Other Chinese sites such as ausproperty.cn and fangau.com specifically cater to the peaking interest in Australian real estate investment by individuals, as opposed to the Chinese state owned enterprises Australian state governments have made deals with in the past.

While there are a number of rules over investment in Australian property, this has not stopped Sydney and Melbourne house prices souring in suburbs that appeal to Chinese investors. Australian Property Monitors said property sales in Sydney spiked by 15% in 2013 alone. The past 12 months have seen Melbourne house prices jump by 11 percent and Sydney rise by 13 per cent.

The US is the top destination for China’s wealthy as Canada shuts the door on 46,000 in waiting list

The United States is still the favorite destination for wealthy Chinese. In 2012, 82,000 individuals born in China were granted permanent resident status by the U.S. While 7641 grabbed a green card though the Eb-5 scheme in 2012, many were also granted entry for other reasons.

In Europe, much to the chagrin of the EU, Portugal offers a similar deal for €500,000 ($763,428 AUD). In Greece just €250,000 ($381,714 AUD) in real estate investment can score a five-year residency permit.

Canada will formally shut down its immigrant investor program in the 2014 budget. The scheme has seen more than 130,000 people come to Canada since it began in 1986. Most of the applicants were from China, Taiwan and South Korea. Of the 46,000 currently on the waiting list, 70 per cent were from China.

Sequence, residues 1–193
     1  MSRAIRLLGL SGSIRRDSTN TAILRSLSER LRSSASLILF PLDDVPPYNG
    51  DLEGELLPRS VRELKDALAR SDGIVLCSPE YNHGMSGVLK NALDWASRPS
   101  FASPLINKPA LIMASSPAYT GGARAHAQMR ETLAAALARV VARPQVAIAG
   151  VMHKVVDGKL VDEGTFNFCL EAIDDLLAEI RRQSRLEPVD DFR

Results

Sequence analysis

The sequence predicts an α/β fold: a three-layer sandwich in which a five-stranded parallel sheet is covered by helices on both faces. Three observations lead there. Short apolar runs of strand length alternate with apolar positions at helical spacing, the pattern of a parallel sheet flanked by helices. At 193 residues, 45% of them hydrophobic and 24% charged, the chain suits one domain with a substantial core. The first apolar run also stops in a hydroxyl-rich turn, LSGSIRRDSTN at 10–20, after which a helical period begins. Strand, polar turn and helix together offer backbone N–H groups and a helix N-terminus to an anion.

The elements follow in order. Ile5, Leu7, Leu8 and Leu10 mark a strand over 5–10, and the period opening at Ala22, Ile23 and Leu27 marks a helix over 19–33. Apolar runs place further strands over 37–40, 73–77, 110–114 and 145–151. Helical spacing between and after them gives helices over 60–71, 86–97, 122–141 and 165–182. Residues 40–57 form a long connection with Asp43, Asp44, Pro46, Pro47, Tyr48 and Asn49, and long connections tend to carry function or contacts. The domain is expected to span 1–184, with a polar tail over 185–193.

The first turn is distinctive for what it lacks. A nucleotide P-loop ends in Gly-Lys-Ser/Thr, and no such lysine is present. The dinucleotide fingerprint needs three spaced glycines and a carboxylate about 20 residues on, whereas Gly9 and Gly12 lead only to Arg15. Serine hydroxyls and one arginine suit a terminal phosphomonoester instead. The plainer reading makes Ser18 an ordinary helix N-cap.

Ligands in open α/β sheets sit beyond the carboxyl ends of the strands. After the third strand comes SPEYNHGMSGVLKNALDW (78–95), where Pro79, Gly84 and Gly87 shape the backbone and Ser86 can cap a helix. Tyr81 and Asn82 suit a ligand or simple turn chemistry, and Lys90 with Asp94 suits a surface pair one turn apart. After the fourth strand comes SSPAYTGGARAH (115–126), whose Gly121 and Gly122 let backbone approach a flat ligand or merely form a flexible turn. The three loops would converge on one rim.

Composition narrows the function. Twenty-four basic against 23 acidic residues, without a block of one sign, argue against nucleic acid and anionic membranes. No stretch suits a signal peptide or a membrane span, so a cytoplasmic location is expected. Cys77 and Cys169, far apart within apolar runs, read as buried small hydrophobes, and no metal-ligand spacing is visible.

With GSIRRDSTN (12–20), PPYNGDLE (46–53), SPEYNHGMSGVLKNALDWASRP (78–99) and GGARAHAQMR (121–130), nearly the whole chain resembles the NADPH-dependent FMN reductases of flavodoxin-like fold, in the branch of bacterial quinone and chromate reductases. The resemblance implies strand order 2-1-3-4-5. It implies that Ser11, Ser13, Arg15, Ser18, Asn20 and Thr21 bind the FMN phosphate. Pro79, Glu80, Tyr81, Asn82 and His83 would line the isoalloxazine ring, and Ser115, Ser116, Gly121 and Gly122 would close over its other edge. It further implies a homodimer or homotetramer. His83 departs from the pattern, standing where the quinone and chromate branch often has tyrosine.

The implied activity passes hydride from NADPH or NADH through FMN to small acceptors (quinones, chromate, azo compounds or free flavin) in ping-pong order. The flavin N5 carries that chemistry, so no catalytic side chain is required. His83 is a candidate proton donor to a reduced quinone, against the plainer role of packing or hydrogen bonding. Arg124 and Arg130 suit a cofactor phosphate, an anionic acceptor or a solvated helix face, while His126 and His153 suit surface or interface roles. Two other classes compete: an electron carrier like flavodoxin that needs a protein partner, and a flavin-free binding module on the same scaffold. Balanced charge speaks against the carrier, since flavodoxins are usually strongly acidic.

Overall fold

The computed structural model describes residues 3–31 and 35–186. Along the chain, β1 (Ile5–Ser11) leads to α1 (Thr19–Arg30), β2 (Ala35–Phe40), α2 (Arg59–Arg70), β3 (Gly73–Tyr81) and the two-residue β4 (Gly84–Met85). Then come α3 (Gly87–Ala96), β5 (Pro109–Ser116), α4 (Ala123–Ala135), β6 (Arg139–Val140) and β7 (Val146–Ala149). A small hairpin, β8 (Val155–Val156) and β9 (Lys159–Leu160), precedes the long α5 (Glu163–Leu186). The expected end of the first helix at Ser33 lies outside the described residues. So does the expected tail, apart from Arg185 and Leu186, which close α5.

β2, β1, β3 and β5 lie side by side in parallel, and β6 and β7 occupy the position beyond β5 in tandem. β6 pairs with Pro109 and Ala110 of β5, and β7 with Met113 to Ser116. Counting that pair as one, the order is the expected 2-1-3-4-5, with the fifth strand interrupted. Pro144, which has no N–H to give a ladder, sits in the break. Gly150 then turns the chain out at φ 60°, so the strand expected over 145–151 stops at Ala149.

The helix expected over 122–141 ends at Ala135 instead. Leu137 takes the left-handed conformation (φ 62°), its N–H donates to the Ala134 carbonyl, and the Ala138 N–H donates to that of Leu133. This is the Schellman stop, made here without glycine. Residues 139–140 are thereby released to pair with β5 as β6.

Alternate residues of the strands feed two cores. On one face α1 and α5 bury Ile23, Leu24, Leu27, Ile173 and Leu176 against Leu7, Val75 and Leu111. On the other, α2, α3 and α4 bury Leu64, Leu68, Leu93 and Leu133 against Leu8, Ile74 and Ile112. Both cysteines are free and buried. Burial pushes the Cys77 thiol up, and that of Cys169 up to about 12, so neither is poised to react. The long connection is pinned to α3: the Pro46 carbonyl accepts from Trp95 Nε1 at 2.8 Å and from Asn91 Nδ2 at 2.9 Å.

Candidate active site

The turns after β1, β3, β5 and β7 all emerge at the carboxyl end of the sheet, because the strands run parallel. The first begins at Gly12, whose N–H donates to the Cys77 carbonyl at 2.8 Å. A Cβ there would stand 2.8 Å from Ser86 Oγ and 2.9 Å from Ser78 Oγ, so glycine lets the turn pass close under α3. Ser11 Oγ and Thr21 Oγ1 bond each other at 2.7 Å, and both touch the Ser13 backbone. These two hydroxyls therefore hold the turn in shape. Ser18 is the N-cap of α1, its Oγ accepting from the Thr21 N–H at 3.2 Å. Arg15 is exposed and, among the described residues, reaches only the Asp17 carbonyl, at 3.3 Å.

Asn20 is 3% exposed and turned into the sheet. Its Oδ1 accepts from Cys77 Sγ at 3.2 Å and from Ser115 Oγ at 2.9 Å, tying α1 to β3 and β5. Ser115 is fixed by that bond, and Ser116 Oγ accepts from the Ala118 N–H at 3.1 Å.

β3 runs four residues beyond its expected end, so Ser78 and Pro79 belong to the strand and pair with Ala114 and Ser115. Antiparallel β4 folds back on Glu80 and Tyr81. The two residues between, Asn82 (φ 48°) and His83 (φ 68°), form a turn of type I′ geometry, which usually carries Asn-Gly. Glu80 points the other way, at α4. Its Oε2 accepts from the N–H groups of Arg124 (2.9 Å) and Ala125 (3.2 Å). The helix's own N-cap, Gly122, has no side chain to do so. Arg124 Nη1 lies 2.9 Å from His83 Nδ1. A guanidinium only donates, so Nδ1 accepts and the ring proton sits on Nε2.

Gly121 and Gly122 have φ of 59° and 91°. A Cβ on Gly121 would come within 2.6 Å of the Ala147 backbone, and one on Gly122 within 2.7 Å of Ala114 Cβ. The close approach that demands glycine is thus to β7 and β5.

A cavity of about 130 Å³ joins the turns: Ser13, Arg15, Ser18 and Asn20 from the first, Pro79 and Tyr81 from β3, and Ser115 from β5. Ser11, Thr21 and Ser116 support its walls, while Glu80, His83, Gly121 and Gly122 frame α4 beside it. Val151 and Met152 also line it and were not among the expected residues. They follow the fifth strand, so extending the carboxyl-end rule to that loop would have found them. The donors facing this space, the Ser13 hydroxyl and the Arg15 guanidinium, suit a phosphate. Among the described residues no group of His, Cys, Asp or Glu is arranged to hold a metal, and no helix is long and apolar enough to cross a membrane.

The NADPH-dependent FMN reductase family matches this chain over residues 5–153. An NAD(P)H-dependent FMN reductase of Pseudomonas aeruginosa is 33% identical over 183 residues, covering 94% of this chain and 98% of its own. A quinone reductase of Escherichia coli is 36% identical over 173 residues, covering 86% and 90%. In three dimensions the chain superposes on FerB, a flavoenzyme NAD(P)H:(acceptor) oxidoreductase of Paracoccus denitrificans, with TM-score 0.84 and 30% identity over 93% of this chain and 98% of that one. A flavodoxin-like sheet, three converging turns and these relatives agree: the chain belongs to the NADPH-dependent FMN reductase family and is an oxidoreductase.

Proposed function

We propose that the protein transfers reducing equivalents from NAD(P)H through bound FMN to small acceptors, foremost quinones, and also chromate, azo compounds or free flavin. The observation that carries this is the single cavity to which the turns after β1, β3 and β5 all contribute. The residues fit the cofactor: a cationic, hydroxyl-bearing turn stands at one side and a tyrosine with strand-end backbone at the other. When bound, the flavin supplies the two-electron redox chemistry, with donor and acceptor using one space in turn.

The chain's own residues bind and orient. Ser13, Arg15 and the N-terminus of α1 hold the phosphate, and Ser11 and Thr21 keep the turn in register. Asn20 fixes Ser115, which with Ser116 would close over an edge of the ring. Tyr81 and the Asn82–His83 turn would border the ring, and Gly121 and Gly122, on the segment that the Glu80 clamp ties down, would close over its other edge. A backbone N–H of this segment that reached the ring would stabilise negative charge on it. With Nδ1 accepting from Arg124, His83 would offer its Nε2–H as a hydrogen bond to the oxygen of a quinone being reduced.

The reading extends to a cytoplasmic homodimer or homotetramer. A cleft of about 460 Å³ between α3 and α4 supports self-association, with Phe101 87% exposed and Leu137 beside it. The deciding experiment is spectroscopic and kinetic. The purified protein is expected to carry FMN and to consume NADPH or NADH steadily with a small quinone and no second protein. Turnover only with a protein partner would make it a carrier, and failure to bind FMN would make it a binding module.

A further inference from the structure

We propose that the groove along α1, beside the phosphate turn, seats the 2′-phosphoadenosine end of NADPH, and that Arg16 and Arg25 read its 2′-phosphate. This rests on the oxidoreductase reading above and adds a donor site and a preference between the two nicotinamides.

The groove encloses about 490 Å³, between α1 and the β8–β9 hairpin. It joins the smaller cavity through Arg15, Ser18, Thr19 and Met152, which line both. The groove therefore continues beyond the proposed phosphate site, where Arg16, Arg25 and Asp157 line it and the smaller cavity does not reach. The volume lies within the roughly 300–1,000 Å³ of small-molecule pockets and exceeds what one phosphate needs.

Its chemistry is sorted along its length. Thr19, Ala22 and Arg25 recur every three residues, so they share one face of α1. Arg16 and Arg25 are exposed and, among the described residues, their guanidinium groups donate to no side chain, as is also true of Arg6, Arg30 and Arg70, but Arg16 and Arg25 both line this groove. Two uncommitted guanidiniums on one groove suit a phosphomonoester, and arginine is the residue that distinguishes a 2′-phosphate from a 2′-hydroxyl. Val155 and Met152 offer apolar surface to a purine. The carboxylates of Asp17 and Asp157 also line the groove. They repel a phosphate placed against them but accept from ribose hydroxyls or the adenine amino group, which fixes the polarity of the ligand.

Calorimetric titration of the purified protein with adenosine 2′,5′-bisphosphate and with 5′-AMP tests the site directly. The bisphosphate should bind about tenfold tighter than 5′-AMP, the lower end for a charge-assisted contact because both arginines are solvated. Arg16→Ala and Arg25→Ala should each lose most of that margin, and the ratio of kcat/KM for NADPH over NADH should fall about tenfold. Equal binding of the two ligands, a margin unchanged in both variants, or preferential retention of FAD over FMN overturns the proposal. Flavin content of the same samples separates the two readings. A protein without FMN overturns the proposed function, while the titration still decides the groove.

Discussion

The scheme, which had no language requirement, was haunted by doubts Canada was collecting enough tax on investment migrants compared to those who came in on skilled migration schemes.

Chinese Investors are not the fastest growing number of migrants to Australia

Brits and New Zealanders still dominate the immigration pie. 20 per cent of immigration to Australia is from the UK while New Zealanders take up 9.1 per cent. Immigrants from China represent one of the fastest growing groups but they are a mere six per cent of the total.

Australian Bureau of Statistics show the proportion of Australian immigrants born in Asia crept up slowly from 24 per cent in 2001 to 33 per cent in 2011.

For socialist China, this is elite capital flight on a huge scale

The latest report from research firm Hurun found almost two-thirds of Chinese with more than 10 million yuan in the bank have emigrated, or are making plans to. Wealthy Chinese moved 2.8 trillion yuan worth of assets offshore in 2011 according to a report from the Chinese think tank Center for China and Globalization. This was about three percent of the country’s GDP for that year.

What’s more, many government officials have foreign passports. A report from the International Consortium for Investigative Journalists revealed relatives of Chinese leaders – including the brother-in-law of China's current president, Xi Jinping - hold vast sums in offshore accounts in the British Virgin Islands.

At the same time stocks, property and royalties especially for high net worth individuals are hard to track and therefore, hard to tax. Fake receipts are manufactured and sold online to low paid public servants to capitalize on reimbursements. In 2010, for example, authorities said they caught 74,833 companies filing false invoices with the government.